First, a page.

DNA and gene technology booksreviewed by T. Nelson
Reviewed by T. Nelson
There's a new trend, led by Springer, for publishing scientific books under a Creative Commons license, which means you can either download a copy for free or buy a hard copy. So far it's being led by books that are too short or too fringe-y to become big sellers. It's good for science, and it's good for the publisher, which benefits from measuring interest in emerging or niche topics.
Two examples that I'm reading are Physical (A)Causality: Determinism, Randomness and Uncaused Events by Karl Svozil, and this book, which is a collection of scientific review papers on CRISPR.
By now everyone's heard the fear-mongering about CRISPR. It's a new technology that makes it easy for scientists to perform genome editing on cells. That means they can put human disease-causing genes into a dish of cultured cells to learn how to understand and treat diseases. They can knock out genes easily to see how they work. And, most importantly, they can use them for gene therapy.
An example is the chapter by Bailus, Zhang, and Ellerby, who used CRISPR to learn how common single nucleotide polymorphisms, or SNPs, can be used to treat Huntington's disease. Huntington's disease is a devastating genetic disorder that causes debilititating movement symptoms, psychiatric disturbances, and death. Although people have searched for ways to eliminate the mutant HTT protein or normalize the disturbed biochemical pathways, there is little hope of curing the disease without correcting the mutation. These authors describe how CRISPR could someday be used for gene replacement therapy.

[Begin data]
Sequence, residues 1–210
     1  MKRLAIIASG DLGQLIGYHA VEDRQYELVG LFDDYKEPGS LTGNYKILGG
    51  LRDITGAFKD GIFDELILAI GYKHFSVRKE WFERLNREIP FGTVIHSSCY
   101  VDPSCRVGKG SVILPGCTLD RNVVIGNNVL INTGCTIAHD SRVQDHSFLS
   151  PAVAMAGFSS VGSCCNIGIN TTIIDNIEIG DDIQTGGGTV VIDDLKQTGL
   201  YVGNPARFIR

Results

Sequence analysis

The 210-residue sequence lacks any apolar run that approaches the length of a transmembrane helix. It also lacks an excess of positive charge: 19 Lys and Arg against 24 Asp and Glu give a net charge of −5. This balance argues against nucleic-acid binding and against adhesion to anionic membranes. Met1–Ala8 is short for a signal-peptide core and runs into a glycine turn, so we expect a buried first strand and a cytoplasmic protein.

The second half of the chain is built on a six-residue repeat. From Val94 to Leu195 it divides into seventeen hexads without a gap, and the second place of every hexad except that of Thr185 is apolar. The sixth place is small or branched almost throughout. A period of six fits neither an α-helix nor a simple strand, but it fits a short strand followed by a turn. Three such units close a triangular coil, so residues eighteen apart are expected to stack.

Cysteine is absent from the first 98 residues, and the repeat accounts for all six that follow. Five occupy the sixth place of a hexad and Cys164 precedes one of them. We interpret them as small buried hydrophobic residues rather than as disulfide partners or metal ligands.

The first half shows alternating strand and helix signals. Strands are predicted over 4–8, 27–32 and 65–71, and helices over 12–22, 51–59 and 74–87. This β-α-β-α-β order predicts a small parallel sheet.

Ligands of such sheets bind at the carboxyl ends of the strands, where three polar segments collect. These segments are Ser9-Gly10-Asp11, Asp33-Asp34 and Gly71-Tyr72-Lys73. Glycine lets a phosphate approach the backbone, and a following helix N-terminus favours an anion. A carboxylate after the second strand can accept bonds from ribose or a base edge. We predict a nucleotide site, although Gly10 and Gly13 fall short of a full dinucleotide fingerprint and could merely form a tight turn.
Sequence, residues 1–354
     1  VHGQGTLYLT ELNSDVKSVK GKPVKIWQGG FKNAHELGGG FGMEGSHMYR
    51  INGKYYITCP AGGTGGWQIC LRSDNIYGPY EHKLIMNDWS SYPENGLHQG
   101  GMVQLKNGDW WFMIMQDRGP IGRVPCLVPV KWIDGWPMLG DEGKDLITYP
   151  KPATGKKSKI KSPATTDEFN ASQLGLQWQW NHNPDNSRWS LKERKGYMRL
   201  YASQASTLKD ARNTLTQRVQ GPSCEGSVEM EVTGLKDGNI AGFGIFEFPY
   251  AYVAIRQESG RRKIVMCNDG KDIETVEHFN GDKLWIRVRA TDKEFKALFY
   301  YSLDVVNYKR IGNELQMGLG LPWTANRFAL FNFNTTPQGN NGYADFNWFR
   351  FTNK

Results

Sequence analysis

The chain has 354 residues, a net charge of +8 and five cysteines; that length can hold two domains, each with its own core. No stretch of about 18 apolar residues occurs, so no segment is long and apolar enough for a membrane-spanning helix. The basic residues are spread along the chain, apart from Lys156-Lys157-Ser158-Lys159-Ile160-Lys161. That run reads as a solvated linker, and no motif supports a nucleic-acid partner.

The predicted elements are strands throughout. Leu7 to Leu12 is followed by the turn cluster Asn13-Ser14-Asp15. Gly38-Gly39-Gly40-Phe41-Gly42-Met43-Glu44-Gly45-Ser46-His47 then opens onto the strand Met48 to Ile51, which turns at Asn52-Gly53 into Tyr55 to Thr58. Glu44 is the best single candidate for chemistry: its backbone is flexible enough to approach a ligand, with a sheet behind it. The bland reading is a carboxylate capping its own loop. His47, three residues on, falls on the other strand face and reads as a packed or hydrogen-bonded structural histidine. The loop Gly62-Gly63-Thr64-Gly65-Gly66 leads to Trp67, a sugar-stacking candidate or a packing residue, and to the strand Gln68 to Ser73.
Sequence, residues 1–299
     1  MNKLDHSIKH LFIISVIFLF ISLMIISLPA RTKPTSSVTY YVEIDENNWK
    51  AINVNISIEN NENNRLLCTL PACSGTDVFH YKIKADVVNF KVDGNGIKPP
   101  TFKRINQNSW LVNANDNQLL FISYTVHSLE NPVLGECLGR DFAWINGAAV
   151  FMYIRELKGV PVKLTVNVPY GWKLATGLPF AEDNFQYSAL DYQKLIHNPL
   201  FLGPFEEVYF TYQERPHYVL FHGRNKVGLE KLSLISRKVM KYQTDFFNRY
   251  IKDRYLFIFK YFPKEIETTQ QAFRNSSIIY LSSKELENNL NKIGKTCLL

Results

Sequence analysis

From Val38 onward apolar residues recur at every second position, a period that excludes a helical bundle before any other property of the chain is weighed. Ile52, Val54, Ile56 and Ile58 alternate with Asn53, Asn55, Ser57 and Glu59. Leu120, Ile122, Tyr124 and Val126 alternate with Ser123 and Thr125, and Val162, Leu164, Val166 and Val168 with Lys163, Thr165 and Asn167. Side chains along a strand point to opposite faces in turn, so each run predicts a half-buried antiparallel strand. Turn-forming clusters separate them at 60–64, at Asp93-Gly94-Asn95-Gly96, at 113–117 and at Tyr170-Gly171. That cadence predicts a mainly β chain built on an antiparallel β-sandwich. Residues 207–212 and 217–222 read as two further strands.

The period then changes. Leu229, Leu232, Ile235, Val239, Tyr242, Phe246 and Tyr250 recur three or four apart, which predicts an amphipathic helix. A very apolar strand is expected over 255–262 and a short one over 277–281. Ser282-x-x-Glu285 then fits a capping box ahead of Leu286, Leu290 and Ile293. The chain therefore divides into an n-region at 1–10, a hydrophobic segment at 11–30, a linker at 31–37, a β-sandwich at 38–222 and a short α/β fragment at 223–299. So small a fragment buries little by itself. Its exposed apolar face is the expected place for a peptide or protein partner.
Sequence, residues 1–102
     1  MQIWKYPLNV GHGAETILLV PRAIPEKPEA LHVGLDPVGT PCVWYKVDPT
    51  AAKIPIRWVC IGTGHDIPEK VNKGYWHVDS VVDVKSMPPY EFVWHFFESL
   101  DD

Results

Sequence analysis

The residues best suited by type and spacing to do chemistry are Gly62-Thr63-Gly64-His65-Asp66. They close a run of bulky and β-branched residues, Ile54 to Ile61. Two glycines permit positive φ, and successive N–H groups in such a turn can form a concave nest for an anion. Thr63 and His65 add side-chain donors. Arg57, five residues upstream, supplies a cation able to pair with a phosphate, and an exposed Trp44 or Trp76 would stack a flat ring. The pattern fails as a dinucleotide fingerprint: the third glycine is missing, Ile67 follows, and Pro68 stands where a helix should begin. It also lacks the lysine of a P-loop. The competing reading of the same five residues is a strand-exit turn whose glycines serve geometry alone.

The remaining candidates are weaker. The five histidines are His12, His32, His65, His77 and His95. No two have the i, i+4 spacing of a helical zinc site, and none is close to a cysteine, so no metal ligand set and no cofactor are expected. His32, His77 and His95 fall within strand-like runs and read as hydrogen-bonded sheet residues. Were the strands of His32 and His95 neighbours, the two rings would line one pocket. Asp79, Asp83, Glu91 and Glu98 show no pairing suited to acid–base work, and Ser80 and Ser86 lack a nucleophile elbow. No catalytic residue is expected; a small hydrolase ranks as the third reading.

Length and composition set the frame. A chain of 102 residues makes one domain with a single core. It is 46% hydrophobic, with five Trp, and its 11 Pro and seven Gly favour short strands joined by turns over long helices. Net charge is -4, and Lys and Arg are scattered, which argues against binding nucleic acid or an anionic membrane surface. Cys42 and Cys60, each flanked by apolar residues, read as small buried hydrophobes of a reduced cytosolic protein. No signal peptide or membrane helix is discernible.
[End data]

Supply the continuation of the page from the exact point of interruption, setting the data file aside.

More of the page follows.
Another example is muscular dystrophy. Doctors have been trying to cure this disease by using harmless viruses like AAV to deliver replacement dystrophin protein. This will never be a permanent cure; only repairing the gene can do that. So researchers are using CRISPR to create specially modified cells, derived from adult stem cells, that can be injected back into the patient to restore normal function. This puts CRISPR in the category not of a threat, but a wonder drug. It's the latest proof that the Human Genome Sequencing project did indeed lead to a revolution in medicine.
may 26, 2018